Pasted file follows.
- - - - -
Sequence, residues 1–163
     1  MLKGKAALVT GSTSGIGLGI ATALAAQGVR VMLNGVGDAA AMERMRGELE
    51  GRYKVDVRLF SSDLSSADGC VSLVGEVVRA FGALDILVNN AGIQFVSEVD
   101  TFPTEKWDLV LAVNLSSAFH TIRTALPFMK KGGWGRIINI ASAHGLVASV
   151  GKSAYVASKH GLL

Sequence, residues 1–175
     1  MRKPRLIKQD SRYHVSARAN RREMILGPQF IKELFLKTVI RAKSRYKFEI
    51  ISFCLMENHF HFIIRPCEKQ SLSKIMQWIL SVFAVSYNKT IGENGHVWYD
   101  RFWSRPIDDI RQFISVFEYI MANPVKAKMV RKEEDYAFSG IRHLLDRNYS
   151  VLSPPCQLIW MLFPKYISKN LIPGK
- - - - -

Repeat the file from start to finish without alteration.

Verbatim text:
Sequence, residues 1–163
     1  MLKGKAALVT GSTSGIGLGI ATALAAQGVR VMLNGVGDAA AMERMRGELE
    51  GRYKVDVRLF SSDLSSADGC VSLVGEVVRA FGALDILVNN AGIQFVSEVD
   101  TFPTEKWDLV LAVNLSSAFH TIRTALPFMK KGGWGRIINI ASAHGLVASV
   151  GKSAYVASKH GLL

Sequence, residues 1–175
     1  MRKPRLIKQD SRYHVSARAN RREMILGPQF IKELFLKTVI RAKSRYKFEI
    51  ISFCLMENHF HFIIRPCEKQ SLSKIMQWIL SVFAVSYNKT IGENGHVWYD
   101  RFWSRPIDDI RQFISVFEYI MANPVKAKMV RKEEDYAFSG IRHLLDRNYS
   151  VLSPPCQLIW MLFPKYISKN LIPGK